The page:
On Yom Kippur, as part of our journey of reflection and introspection, Jews all over the world will gather for Yizkor, the memorial service for those who have passed away.
Our obligation is not only to history, it is also to memory.
The distinction between history and memory was powerfully elucidated by Rabbi Lord Jonathan Sacks. “In history, we recall what happened. Through memory, we identify with what happened so that it becomes part of us and who we are.”
Last week, I stood amidst the overgrown Jewish cemetery in a stetl called Janow Sokolka, not far from Bialystok, Poland, from where my grandfather came and where my great-grandfather is buried. Together with members of my family, we said kaddish. I held in my hand a faded photograph of my grandfather who had returned there from his home in Ireland for a visit to see his family in 1938, and in the photo he stands by the matzeva together with his mother and sister who lived in the stetl.
Today, what remains is the gate to the cemetery and a few weather beaten matzevot – the last physical reminder of what was once a vibrant and dynamic Jewish community of six hundred souls.
A Rosh Hashanah postcard sent to him earlier from the family in Janow has an optimistic illustration of Jews on their way to Eretz Israel. Cramped Yiddish handwriting on the other side has an emotional message of greetings to him for the coming New Year.
In 1942, the Jews of Janow were rounded up and taken to a neighboring town.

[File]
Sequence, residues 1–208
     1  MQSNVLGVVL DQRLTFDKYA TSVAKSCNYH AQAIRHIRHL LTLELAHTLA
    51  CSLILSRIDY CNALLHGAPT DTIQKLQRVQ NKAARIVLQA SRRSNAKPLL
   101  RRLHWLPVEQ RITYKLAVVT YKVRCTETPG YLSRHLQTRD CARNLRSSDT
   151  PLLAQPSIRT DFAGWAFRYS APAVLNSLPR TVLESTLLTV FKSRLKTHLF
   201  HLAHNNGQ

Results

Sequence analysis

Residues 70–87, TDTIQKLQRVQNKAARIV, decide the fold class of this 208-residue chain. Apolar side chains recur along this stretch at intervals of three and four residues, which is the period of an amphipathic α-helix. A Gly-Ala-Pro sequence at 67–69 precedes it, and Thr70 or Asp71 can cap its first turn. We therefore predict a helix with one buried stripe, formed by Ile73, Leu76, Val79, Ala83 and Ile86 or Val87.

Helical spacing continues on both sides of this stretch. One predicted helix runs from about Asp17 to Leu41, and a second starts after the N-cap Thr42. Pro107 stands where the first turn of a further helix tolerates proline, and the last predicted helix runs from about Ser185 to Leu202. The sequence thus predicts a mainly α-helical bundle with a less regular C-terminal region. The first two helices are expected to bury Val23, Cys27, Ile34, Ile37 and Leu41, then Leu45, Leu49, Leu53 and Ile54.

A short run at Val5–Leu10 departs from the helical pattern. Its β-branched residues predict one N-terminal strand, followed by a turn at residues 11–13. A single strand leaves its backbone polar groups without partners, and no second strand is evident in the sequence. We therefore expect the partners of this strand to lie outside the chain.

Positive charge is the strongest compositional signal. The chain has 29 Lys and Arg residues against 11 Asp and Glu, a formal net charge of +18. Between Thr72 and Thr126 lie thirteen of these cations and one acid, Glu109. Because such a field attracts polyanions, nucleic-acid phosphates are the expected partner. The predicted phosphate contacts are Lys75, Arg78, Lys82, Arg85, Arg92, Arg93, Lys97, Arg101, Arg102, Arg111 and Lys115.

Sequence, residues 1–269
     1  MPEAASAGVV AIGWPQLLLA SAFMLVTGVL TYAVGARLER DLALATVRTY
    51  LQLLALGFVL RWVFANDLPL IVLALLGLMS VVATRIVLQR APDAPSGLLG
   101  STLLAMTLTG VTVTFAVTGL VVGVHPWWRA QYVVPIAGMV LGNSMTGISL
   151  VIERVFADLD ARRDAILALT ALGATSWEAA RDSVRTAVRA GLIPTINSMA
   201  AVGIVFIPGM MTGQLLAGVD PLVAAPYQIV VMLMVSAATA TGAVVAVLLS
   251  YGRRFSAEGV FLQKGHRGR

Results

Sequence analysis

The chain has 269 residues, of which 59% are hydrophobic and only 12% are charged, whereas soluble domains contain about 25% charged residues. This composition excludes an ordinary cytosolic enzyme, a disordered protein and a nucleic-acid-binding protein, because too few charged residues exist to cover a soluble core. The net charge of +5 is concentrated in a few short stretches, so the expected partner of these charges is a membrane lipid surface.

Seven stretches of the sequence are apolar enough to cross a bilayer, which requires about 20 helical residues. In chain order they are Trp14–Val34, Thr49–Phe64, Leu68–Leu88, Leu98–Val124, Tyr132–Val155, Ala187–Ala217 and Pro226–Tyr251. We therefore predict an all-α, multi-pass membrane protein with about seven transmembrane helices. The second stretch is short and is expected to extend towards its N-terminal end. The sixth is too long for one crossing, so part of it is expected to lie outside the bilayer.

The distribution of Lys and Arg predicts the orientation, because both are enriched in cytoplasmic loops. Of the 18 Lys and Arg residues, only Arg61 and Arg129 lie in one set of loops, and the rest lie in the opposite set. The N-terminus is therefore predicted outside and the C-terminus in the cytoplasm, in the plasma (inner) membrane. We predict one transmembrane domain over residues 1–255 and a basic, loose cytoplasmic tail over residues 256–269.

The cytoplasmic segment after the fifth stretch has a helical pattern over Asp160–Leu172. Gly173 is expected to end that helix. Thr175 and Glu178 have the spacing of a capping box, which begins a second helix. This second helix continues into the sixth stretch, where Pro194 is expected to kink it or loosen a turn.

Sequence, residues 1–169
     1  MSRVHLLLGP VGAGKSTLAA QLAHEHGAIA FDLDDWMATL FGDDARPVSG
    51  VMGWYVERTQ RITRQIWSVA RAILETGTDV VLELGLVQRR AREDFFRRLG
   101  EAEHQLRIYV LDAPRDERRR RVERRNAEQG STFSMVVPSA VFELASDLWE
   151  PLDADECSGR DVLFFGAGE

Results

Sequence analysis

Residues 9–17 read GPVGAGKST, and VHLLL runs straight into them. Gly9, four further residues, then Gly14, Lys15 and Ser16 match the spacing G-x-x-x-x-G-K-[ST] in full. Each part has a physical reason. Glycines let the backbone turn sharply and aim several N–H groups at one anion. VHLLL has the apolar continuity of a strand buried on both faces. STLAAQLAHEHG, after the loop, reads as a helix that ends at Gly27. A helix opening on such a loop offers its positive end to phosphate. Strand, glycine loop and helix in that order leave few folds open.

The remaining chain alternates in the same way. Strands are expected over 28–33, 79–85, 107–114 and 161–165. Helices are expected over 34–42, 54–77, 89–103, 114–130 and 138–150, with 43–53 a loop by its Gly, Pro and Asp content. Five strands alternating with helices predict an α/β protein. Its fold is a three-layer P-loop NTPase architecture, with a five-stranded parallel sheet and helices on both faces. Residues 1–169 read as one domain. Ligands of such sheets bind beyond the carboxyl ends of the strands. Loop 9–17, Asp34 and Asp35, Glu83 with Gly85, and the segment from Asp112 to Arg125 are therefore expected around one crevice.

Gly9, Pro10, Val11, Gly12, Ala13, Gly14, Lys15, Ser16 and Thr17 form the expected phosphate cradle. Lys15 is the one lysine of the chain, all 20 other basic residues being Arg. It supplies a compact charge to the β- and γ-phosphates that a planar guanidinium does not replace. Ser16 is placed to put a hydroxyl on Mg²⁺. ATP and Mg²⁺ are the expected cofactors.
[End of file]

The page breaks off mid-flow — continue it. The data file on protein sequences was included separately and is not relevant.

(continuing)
The testimony from 1946 by one of the two survivors from the stetl described the conditions in which the Jews from Janow were held: “Prisoners were living in basements and cellars which were so overcrowded that the prisoners could not lie down to sleep, they had to sit or stand. They received 15 grams of bread daily and one liter of soup made from unpeeled potatoes. A few persons were shot for peeling potatoes.” Six weeks later they were transported to Treblinka where virtually all of them, presumably including his mother, sister and her children, were killed.
The Pinkas, a Yizkor book by descendants from the stetl commemorating the community tells us that “our stetl drank the bitterness from the cup of pain down to the bottom”.
“Civilization hangs suspended, from generation to generation, by the gossamer strand of memory… If the guardians of human knowledge stumble only one time, in their fall collapses the whole edifice of knowledge and understanding,” wrote scholar Jacob Neusner.
At the service of Yizkor this Yom Kippur, we will remember those who perished in the Shoah. “May they find eternal shelter beneath Your sheltering wings, and may their souls be bound up in the bond of life,” we will pray.
May this be a time of both reflection and of memory for us all.